Human rights and HIV prevention, treatment, and care for people who inject drugs: key principles and research needs.
ABSTRACT Efforts to provide HIV prevention, treatment, and care to injecting drug users (IDU) are shaped by tensions between approaches that regard IDU as criminals and those regarding drug-dependent individuals as patients deserving treatment and human rights. Advocates for IDU health and human rights find common cause in urging greater attention to legal frameworks, the effects of police abuses, and the need for protections for particularly vulnerable populations including women and those in state custody. Arbitrary detention of drug users, and conditions of pretrial detention, offer examples of how HIV prevention and treatment are adversely impacted by human rights abuse. National commitments to universal access to prevention and treatment for injecting drug users, and the recognition that users of illicit substances do not forfeit their entitlement to health services or human dignity, offer a clear point of convergence for advocates for health and rights, and suggest directions for reform to increase availability of sterile injection equipment, opiate substitution treatment, and antiretroviral therapy. For IDU, protection of rights has particular urgency if universal access to HIV prevention and treatment is to become an achievable reality.
- SourceAvailable from: Frederick Altice[Show abstract] [Hide abstract]
ABSTRACT: The Rapid Opioid Dependence Screen (RODS) is an 8-item measure of opioid dependence designed for quick, targeted screening in clinical and research settings. Based on the Diagnostic and Statistical Manual of Mental Disorders, Fourth edition, criteria, the RODS has an average administration of less than 2 minutes and can easily be administered as a stand-alone instrument or as part of a compre- hensive interview. This study reports on the initial validation of the RODS among a sample of 97 newly incarcerated, HIV-positive individuals. Using the Mini International Neuropsychiatric Inter- view as the primary measure of opioid dependence, the RODS showed good-to-strong sensitivity (.97), specificity (.76), positive predictive value (.69), and negative predictive value (.98), while con- cordance analysis revealed moderate diagnostic agreement (k 1⁄4 .67). Psychometric properties revealed strong internal consistency (a 1⁄4 .92) and inter-item correlations (.66 to .87).Journal of Correctional Health Care 01/2015; 21(1):12-26. DOI:10.1177/1078345814557513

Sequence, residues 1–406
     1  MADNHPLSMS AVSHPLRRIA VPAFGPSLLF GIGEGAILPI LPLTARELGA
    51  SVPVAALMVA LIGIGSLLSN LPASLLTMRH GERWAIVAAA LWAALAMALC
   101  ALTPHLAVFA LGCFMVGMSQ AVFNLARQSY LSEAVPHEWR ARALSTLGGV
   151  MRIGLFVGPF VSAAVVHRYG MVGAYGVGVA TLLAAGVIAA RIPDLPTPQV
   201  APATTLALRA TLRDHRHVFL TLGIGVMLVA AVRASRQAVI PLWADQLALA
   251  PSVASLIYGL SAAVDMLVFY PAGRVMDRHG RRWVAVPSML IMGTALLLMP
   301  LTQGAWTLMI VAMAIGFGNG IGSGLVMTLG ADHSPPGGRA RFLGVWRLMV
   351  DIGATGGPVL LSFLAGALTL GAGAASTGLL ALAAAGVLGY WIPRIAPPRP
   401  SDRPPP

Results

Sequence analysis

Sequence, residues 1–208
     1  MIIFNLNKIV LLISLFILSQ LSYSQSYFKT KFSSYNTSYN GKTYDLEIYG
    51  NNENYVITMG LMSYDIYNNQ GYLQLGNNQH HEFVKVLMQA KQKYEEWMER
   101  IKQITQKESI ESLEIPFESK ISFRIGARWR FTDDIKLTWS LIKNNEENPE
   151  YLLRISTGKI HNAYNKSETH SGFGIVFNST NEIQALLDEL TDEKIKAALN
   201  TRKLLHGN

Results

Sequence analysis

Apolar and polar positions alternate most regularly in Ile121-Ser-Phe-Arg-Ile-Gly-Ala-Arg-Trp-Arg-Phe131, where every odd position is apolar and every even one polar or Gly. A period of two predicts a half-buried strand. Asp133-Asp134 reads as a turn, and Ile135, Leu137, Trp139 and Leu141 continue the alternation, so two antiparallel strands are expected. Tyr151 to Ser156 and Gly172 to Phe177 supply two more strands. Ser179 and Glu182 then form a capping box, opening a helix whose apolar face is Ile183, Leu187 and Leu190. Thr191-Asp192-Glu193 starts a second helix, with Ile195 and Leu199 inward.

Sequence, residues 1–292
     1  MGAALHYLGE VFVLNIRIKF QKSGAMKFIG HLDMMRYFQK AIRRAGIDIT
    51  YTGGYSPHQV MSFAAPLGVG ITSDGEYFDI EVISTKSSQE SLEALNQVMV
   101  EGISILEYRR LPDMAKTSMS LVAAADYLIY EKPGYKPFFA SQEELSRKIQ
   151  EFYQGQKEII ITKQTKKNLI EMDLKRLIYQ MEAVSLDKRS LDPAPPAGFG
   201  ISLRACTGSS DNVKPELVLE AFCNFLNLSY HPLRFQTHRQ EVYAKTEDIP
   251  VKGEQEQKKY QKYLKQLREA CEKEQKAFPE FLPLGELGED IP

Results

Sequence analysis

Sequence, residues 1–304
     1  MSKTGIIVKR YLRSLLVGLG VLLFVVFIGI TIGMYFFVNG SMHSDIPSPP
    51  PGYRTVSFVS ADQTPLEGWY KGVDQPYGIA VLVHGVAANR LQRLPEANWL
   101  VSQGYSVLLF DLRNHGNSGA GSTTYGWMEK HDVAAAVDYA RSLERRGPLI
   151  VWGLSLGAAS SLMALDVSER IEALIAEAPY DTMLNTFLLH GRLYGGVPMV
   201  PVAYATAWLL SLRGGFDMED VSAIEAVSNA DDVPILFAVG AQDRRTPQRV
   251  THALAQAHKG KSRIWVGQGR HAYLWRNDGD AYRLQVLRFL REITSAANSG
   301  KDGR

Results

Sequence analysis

Article: HIV, drugs and the legal environment[Show abstract] [Hide abstract]
ABSTRACT: A large body of scientific evidence indicates that policies based solely on law enforcement without taking into account public health and human rights considerations increase the health risks of people who inject drugs (PWIDs) and their communities. Although formal laws are an important component of the legal environment supporting harm reduction, it is the enforcement of the law that affects PWIDs’ behavior and attitudes most acutely. This commentary focuses primarily on drug policies and policing practices that increase PWIDs’ risk of acquiring HIV and viral hepatitis, and avenues for intervention. Policy and legal reforms that promote public health over the criminalization of drug use and PWID are urgently needed. This should include alternative regulatory frameworks for illicit drug possession and use. Changing legal norms and improving law enforcement responses to drug-related harms requires partnerships that are broader than the necessary bridges between criminal justice and public health sectors. HIV prevention efforts must partner with wider initiatives that seek to improve police professionalism, accountability, and transparency and boost the rule of law. Public health and criminal justice professionals can work synergistically to shift the legal environment away from one that exacerbates HIV risks to one that promotes safe and healthy communities.International Journal of Drug Policy 09/2014; 26. DOI:10.1016/j.drugpo.2014.09.001 · 2.40 Impact Factor
- JAIDS Journal of Acquired Immune Deficiency Syndromes 12/2010; 55 Suppl 1:S1-4. DOI:10.1097/QAI.0b013e3181f9c120 · 4.39 Impact Factor